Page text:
Monthly Archives: July 2022

Which institutional affiliation should you list on a paper?

There are a lot of bits and pieces in a scientific paper. You’ll find advice for writing most of them in The Scientist’s Guide to Writing, but somewhat to my chagrin I keep finding gaps – most recently when Jonathan Losos wrote to ask me this apparently simple question:

When you publish a paper, where do you list your institution: where you were when the work was done, where you were when the paper was submitted, where you are now, or some combination of the above?

Jonathan, like me, has been in the publishing game for a while, and I think he was a bit nonplussed to realize he had to ask the question.  There don’t seem to be clear guidelines, or at least not universal ones. As Jonathan put it, “A quick google suggested that…everyone, just like me, makes up their own rules”. Continue reading

Effective grant proposals, Part 4: Yes, do sweat the small stuff

Today, the fifth part in my series on writing effective grant proposals. The first three parts dealt with the content of a grant proposal: the important information a grant needs to convey about the importance of the work you’re proposing, its feasibility, and your ability to do it. (Part four, about your reader, comes up below). You certainly need the right content to have a chance at funding, but that’s not all you need – so today, a pitch for presentation.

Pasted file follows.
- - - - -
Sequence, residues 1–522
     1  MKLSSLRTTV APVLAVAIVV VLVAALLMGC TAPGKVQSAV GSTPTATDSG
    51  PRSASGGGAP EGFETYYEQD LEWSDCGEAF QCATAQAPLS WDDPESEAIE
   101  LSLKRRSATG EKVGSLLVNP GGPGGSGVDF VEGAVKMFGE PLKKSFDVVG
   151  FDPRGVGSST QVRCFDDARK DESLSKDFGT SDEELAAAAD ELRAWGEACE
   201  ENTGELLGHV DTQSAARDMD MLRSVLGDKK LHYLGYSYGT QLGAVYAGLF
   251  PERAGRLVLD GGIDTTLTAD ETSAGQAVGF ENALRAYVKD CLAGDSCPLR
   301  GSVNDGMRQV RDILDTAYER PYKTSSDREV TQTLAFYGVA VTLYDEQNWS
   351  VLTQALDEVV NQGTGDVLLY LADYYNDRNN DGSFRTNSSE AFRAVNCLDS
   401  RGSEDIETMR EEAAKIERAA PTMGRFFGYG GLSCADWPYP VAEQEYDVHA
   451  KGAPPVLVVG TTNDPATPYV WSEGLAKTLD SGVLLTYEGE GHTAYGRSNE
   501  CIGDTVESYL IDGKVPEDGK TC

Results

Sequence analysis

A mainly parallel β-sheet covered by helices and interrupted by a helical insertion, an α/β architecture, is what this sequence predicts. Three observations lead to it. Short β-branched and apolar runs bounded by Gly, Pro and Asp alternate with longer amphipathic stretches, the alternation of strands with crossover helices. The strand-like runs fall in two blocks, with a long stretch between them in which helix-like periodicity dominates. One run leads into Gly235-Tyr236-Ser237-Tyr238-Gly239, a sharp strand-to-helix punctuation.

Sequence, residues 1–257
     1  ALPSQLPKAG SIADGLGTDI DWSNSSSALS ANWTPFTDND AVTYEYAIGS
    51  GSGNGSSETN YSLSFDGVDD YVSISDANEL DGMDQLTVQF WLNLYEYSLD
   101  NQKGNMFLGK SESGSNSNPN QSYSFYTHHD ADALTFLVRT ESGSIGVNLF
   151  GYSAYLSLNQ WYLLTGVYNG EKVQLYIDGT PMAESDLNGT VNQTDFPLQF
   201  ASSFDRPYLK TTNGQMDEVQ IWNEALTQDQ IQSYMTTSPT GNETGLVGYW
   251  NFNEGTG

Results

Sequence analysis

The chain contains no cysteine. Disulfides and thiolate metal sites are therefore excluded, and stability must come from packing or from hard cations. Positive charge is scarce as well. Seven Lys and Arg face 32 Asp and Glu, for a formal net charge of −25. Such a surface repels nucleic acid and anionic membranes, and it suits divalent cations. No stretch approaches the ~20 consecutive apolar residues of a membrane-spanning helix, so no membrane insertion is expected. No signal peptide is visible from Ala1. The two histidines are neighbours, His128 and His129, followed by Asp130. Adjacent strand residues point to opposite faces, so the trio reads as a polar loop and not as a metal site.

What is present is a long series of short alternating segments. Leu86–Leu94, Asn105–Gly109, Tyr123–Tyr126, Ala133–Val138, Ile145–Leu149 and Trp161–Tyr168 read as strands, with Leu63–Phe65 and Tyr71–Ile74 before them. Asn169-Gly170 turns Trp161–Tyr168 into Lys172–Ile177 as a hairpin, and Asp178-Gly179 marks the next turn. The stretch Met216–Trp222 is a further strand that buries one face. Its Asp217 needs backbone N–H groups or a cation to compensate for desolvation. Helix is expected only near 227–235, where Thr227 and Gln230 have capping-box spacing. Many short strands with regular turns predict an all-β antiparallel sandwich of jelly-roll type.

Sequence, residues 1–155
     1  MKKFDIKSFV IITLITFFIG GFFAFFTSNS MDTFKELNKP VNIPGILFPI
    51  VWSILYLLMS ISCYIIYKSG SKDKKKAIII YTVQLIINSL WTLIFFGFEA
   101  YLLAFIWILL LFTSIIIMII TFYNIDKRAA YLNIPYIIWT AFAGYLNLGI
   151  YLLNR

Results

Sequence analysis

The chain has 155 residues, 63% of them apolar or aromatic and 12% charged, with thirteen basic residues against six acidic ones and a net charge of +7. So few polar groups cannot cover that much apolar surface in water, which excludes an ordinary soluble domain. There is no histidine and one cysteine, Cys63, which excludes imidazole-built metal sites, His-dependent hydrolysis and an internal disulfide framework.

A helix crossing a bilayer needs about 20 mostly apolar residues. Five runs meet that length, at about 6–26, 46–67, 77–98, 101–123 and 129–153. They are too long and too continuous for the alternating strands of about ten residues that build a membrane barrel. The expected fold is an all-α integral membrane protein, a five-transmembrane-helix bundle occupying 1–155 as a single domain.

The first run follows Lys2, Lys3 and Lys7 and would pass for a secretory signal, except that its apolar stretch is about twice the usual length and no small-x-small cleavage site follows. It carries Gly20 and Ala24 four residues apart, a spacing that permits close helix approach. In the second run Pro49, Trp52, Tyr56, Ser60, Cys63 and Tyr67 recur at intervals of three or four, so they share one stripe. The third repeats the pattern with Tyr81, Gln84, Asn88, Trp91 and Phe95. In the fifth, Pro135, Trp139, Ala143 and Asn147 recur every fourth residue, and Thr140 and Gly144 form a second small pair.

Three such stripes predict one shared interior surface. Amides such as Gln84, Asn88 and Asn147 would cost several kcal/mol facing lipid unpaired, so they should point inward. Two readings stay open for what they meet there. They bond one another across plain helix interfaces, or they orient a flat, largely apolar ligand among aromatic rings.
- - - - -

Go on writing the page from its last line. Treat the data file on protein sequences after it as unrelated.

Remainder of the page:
I know, we’re scientists, and we sometimes tell each other that what matters is the objectively measured quality of our ideas, not the style in which we present them. I hope it’s obvious that that’s both tempting and wrong: Continue reading

I think I finally like writing

Like virtually all scientists, I write a lot. Over the last decade, I’ve written two books (and for one of them, a second edition), a proposal for a third book, about two dozen papers,* a dozen grant proposals, over 500 posts here on Scientist Sees Squirrel, and a basketful of miscellaneous reports, lay articles, and administrative documents. I figured out quite a while ago that it’s quite normal for a scientist to spend more time writing that they do anything else – even if writing isn’t why most of us chose science as a career. What’s surprising about this really isn’t my volume of writing (I write more than some, less than others). It’s that until recently, I really didn’t enjoy doing it. Continue reading

A new preprint, author contributions, and the best kind of collaboration

We’ve just posted a new preprint! Like our recent funny-titles study, it’s a pandemic pivot project. Like our funny-titles study, it’s a little weird – but also exciting. I’ll tell you a bit about the preprint, and then use it to make a point about collaborations.

Have you ever wondered if names only label things, or if they also influence the way we think about those things? Continue reading